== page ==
An Under Armour logo painted on the hillside of Federal Hill Park is being removed just days after riling some residents, who found it to be a tacky, and possibly illegal, form of free advertising.
On Sunday afternoon, the logo was covered up with a dark square and was expected to be completely removed today, said spokeswoman Diane Pelkey. The Baltimore-based sports apparel company will then plant grass seed on the spot.
The logo, with company motto "Protect This House" stenciled underneath, was put up to welcome players in town for the Northeast Qualifier of the East Coast Volleyball tournament at the Baltimore Convention Center, Pelkey said. The tournament ended Sunday.
"We always remove the logo or signage after an event," Pelkey said. "This was always meant to be in conjunction with the volleyball tournament that is going on this weekend."
Under Armour had originally put in a request with the Department of Recreation and Parks to have a two-week window to display the logo, according to a department spokeswoman, but Pelkey said the intention was always to remove it before that.
Still, the negative response by some in the community seems to have affected the timetable for removing the display.
"At this stage in the game the billboards and signs around town are not really about advertising locally for us as a company, but more about helping to roll out a big welcome to all athletes coming into the city," said Steve Battista, senior vice president of brand. "In that spirit, if some of our neighbors don't support it, we'll certainly take it down early."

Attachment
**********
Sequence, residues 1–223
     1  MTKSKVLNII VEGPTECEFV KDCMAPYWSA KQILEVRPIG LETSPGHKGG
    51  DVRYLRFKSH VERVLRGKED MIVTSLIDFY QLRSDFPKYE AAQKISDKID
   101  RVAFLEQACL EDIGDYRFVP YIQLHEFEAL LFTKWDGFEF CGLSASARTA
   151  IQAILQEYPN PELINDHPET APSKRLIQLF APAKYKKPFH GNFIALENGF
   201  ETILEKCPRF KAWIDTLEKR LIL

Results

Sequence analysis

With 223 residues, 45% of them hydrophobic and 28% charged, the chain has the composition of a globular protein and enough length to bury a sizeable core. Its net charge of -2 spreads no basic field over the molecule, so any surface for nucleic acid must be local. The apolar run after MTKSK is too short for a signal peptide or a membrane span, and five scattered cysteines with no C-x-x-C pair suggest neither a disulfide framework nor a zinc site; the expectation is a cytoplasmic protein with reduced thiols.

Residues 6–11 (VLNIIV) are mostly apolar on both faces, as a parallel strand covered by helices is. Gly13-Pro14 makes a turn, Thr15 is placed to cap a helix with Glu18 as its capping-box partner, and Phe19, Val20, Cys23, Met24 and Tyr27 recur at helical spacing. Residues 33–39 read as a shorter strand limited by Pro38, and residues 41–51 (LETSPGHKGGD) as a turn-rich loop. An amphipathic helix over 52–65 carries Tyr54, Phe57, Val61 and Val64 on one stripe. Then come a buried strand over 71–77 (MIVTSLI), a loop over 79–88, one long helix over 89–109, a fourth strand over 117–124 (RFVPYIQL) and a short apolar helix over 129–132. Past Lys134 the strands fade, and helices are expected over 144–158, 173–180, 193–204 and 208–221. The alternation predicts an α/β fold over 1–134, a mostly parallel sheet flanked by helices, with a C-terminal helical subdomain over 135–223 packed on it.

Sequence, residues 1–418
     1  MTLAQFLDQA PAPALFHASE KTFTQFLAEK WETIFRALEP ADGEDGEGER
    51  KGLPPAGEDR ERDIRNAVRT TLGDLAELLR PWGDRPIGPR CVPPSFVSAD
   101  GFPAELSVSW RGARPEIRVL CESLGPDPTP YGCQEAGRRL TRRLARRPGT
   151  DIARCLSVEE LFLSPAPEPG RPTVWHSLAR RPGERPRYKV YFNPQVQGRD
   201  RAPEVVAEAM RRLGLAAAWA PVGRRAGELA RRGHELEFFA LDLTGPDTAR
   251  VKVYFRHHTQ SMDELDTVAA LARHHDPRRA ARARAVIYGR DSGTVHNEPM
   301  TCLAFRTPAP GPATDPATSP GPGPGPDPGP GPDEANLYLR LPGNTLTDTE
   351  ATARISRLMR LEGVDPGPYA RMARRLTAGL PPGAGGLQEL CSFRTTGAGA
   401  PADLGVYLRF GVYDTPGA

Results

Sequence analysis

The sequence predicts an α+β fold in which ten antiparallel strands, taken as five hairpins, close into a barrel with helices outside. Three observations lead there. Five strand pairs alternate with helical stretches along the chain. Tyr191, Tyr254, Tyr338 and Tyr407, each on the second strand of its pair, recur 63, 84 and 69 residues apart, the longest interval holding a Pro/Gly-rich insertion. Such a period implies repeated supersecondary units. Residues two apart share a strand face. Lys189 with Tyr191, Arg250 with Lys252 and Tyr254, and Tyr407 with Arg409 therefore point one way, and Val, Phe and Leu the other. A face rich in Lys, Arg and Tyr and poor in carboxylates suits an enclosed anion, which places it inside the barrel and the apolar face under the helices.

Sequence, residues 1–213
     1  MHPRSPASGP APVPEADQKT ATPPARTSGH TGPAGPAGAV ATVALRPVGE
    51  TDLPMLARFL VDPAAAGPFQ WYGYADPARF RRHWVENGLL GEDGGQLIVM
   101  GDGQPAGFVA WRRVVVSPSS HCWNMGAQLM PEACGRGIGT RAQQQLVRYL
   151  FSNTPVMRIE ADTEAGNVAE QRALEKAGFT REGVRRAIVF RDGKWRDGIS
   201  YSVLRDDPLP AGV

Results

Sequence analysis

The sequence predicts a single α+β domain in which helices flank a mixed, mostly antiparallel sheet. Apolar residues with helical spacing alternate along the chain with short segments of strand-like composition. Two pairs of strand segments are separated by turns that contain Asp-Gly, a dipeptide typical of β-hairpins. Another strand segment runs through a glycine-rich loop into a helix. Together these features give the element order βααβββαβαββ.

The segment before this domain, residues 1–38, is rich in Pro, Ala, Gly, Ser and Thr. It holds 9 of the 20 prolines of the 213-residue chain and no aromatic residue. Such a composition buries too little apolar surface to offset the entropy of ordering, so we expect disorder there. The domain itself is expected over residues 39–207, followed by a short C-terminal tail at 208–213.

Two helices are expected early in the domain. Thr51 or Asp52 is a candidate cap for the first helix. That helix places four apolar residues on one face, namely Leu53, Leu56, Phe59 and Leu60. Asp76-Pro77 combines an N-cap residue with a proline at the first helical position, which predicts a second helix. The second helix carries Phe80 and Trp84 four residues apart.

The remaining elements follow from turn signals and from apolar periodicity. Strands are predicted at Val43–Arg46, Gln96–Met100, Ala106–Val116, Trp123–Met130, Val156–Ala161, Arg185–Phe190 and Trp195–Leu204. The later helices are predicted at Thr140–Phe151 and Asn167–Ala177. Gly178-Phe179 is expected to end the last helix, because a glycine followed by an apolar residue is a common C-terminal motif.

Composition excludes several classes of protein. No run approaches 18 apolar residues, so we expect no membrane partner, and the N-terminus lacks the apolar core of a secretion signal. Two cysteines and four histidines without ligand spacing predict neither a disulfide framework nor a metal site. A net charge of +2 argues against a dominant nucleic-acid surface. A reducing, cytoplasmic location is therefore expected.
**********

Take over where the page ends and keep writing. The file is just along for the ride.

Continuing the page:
The logo, which was put up with water-based paint, upset some in the Federal Hill neighborhood who said it was an eyesore.
Paul W. Robinson, president of the Federal Hill Neighborhood Association, said he watched from his Inner Harbor office as the logo was being painted last Thursday evening and immediately began to question why it was there. When he got home, Robinson said he had nearly 50 messages from people complaining about the logo.
He said he later got calls from about the same number of "loyal Under Armour customers" who saw nothing wrong with the sign.
Robinson said he has nothing against Under Armour, but that its logo didn't belong in a public park.
"The Under Armour logo is terrific and everybody wears it as a sense of pride," Robinson said. "But this wasn't about welcoming anybody. This was a branding vehicle. Do I have a problem with the design? Not if it's on a shirt in my closet. I don't think it was appropriate on the side of Federal Hill."
He pointed to 2007 legislation that makes it illegal to put up advertisements in areas designated as open spaces, which includes public parks.
"The sign itself was disrespectful of the law," Robinson said. "If people lack respect for the law and you start selectively enforcing the law then everybody is going to look to be treated the same way."
Under Armour put up the logo with the city's permission and worked with Recreation and Parks, Pelkey and city officials said. The city was not paid.
Michelle Speaks-March, a spokeswoman for the parks department, said Sunday that she didn't know of any ordinance that would have prohibited the logo. She noted that the Ravens logo has been displayed on the same hill.
Pelkey said it is not unusual for Under Armour to prominently display its logo around the city in conjunction with major events - such as the Baltimore Running Festival. She said the company has displayed signs on the hill before, though not painted on the grass.